The Bird People in China


Dir: Takashi Miike
Star: Masahiro Motoki, Renji Ishibashi, Mako, LiLi Wang

Takashi Miike is a gorehound, only at home with urban gangsters and ultraviolence, right? Wrong. Woefully wide of the mark - this film proves Miike is a genuine talent, capable of a far broader range than often thought. Some of his other work, notably Sabu, hinted at this; here, he fills a two-hour film without a single death [save in a yakuza's nightmare], and instead delivers an impeccable modern fairytale. Businessman Wada (Motoki) is sent to China to investigate a jade deposit for his employers, but is met by Ujiie (Ishibashi), a mobster out to get repayment for a loan taken out by the company. Together, the odd couple travel deep into China's hinterlands, a journey that takes a good 45 minutes; when they get there, they find things that will change their lives forever.

Yes, I know that sounds trite and cliched, and I desperately want to explain, yet daren't - for the less you know going into this, the more delightful the result will probably be. This is a superb mix of humour and drama, with the two protagonists initially poles apart, before bonding, then finally parting paths again. It's partly like a comedic version of Apocalypse Now, with neither man prepared for their trip or the secret held by the village that is their destination, yet still has traditional Miike elements: as in his Black Society Trilogy, the central characters are strangers in a strange land. However, here the pieces are arranged in a totally different and entrancing way.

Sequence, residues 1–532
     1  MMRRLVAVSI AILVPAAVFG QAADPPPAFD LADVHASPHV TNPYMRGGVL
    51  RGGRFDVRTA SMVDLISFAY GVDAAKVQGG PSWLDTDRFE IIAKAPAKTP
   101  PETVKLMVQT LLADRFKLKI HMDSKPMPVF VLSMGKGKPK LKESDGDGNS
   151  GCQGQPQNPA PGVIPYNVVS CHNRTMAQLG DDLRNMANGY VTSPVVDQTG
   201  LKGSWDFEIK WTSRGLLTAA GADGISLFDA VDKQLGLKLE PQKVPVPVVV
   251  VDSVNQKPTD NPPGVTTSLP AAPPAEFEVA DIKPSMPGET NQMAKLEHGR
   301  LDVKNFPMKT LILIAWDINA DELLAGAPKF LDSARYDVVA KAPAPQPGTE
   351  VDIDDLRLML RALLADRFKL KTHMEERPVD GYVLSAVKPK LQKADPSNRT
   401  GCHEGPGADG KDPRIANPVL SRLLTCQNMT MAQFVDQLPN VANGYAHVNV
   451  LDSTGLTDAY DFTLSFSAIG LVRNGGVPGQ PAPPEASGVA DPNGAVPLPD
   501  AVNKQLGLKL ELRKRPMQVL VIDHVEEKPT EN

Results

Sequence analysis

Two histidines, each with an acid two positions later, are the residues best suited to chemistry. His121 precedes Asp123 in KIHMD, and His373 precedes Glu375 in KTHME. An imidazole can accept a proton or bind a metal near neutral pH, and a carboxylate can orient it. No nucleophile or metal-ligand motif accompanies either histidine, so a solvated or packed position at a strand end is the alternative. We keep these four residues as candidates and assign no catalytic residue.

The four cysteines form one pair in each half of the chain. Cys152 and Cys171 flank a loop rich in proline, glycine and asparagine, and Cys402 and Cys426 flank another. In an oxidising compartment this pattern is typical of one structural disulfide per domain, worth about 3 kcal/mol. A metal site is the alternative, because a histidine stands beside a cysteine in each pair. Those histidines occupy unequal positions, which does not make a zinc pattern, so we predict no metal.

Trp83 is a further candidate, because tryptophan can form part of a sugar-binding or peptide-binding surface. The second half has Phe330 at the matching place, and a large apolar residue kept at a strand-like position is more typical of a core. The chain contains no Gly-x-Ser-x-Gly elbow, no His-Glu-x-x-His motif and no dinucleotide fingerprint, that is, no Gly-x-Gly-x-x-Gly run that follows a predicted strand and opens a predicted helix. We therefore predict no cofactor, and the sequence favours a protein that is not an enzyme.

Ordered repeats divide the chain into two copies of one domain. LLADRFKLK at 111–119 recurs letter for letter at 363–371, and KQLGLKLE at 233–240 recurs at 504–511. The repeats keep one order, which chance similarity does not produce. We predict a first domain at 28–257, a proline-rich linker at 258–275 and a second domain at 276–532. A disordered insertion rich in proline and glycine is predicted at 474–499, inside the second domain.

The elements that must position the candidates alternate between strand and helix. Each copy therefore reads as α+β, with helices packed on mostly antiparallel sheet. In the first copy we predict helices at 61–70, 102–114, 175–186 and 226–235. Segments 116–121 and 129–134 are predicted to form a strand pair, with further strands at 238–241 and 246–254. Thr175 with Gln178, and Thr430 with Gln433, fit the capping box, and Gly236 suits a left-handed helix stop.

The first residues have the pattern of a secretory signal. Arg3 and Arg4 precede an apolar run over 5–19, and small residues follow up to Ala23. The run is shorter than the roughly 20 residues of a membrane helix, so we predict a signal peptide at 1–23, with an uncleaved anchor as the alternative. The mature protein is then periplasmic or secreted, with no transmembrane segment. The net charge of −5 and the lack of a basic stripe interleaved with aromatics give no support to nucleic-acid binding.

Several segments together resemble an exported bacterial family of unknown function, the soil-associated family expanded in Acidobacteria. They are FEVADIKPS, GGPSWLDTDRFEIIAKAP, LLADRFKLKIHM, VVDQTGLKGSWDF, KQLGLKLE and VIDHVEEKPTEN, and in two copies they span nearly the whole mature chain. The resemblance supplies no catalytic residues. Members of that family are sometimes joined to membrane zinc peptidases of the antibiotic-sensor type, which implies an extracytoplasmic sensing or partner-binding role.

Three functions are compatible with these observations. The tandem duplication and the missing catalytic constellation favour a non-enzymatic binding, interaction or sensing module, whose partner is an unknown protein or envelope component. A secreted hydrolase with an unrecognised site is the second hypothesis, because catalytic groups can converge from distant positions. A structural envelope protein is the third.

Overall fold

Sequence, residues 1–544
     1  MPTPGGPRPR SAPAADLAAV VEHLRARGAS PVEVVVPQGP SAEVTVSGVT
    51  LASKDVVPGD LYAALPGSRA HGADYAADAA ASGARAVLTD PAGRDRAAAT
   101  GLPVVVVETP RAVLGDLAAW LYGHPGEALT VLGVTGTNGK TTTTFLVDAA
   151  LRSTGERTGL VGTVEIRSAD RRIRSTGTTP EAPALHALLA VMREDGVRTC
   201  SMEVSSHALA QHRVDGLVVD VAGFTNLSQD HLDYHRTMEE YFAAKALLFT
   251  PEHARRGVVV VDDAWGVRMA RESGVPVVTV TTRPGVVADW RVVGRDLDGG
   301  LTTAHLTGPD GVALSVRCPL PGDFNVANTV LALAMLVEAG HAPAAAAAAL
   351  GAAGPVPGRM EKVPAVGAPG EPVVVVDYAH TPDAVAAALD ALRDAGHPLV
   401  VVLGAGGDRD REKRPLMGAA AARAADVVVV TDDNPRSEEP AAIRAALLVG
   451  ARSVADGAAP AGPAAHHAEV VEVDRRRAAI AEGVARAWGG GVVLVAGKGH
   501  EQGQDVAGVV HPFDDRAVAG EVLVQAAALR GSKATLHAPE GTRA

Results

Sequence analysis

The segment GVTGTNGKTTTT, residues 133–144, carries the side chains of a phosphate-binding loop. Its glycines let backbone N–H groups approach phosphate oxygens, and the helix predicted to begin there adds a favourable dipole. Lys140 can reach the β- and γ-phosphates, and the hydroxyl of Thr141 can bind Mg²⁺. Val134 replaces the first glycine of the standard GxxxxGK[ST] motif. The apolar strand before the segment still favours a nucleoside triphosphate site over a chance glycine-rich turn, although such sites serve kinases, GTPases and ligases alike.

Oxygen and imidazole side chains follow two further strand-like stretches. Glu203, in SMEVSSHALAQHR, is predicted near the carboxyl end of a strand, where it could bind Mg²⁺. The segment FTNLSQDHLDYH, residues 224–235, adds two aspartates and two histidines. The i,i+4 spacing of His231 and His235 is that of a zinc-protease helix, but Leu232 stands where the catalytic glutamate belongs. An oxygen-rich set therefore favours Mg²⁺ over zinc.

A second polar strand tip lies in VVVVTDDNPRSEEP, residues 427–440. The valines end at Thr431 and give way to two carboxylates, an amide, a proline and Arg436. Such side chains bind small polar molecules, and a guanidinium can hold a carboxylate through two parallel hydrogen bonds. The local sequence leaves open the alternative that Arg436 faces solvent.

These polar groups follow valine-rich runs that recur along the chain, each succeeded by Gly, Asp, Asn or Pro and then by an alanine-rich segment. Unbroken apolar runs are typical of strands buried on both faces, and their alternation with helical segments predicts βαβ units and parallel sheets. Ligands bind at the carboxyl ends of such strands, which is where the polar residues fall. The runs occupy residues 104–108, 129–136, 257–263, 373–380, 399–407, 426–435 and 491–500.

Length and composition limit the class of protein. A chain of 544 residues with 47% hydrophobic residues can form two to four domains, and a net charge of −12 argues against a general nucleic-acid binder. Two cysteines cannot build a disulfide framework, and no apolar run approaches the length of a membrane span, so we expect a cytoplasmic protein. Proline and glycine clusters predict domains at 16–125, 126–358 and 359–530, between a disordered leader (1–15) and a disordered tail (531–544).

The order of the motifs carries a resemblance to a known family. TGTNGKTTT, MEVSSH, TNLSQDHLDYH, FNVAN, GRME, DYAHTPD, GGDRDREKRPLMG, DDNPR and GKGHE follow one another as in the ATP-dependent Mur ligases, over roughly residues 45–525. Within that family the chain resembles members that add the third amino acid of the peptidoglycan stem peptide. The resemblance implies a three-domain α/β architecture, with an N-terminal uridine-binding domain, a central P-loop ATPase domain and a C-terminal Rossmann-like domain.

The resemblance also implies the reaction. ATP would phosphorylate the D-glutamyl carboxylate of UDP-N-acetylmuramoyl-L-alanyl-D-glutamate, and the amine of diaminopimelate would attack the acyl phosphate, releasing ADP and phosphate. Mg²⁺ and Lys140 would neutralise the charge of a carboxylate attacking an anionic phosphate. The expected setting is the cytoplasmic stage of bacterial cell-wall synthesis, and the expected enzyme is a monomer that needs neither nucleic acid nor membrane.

A big plus is the lush locations; the film was shot (guerilla-style) in China, and the spectacular landscapes look almost too grandiose to be real or on Earth. After a frenetic start that captures the ferocious pace of modern life almost too well, cinematographer Kôji Endô wisely just sits back and lets the beauty of the scenery speak for itself. Once the secret is revealed, the film does lose its direction a little, but eventually regains it for a stirring climax that features one of the most haunting final shots you'll see this year. Throughout, there are lots of little touches of fabulous imagination, and when combined with the aviation theme, it's easy to envisage this as an animated feature from Hayao Miyazaki.

Yes: it's that good...

[This film is released on November 16th in the US. For more information, visit ArtsMagic's website.]

B+
October 2004


Miike flies high
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